So how do we get consistent timing from all of the different systems in the robot? There are several ways that we will talk about including; manual, software based, and hardware based.
Manually setting timing is the most basic of ways to sync various computers but it is the least reliable and accurate. There are several ways to manually sync computers together. The first is to set the clocks by hand (similar to setting your watch based on a friends watch). Another way is that at the start off each log/test you can start all of the processes at the same time so that all of the logging starts at the same time and you can easily figure out the time offset between systems. A third way is to add a comment (or unique marker) into a log file so you can figure out the exact spot where the times overlap. This method is often used in video production to line up sound and video steams for production.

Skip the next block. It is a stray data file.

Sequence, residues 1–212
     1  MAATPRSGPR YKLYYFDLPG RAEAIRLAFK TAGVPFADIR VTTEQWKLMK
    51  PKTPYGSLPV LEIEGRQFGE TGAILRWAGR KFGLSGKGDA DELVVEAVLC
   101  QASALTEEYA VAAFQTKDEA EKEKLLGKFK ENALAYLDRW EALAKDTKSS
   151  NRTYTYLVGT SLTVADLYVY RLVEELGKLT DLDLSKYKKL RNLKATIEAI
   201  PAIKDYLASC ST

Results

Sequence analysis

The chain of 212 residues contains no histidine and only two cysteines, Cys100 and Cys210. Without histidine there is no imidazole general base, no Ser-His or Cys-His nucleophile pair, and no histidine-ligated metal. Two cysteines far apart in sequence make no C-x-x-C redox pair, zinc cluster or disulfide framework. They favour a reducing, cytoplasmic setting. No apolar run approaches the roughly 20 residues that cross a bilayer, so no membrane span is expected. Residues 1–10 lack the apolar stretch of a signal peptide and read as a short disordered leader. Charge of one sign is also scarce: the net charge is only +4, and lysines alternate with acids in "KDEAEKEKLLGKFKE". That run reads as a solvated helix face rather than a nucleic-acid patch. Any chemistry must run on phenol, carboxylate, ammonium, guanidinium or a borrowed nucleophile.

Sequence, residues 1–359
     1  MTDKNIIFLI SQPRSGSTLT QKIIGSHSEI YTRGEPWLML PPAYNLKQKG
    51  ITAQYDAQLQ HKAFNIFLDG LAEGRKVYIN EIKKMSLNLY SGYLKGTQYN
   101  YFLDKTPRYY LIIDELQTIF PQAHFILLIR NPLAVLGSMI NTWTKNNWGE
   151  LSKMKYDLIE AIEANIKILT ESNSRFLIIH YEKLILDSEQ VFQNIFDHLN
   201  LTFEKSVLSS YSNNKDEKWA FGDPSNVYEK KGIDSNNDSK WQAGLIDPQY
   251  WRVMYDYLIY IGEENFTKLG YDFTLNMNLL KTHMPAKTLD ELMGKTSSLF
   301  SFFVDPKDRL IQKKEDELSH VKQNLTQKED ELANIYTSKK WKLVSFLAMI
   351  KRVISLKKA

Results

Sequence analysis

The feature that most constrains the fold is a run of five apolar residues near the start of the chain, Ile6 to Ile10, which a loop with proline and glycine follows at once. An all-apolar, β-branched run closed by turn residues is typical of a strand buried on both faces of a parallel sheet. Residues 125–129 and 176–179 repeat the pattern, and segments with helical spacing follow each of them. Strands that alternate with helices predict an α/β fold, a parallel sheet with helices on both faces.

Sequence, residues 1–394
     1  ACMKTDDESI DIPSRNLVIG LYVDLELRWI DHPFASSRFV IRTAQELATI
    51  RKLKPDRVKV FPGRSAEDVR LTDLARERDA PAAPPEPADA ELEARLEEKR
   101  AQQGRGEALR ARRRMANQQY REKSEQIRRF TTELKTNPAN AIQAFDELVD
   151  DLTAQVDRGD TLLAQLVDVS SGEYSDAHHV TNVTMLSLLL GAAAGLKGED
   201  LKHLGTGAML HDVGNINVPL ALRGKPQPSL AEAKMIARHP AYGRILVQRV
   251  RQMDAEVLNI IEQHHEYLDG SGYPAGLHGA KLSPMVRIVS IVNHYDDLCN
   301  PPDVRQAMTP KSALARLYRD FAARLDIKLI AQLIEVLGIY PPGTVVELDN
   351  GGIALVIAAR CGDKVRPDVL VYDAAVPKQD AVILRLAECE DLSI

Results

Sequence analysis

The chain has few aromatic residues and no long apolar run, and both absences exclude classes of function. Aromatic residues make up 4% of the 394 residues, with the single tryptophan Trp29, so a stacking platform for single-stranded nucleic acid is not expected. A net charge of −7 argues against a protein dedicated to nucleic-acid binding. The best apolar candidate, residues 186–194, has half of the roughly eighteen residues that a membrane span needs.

The big problems with doing this manually is making sure to remember to set the clocks. It is easy to say that you will do it, but it is even easier to forget to sync the clocks. If you forget to sync the clocks it can often be very difficult to figure out the timing in post-processing. You also get reduced accuracy since the synchronization is based on a human doing something. Another big problem with doing this manually is that it does not account for clock drift. System clocks (even crystals) can drift with time based on temperature.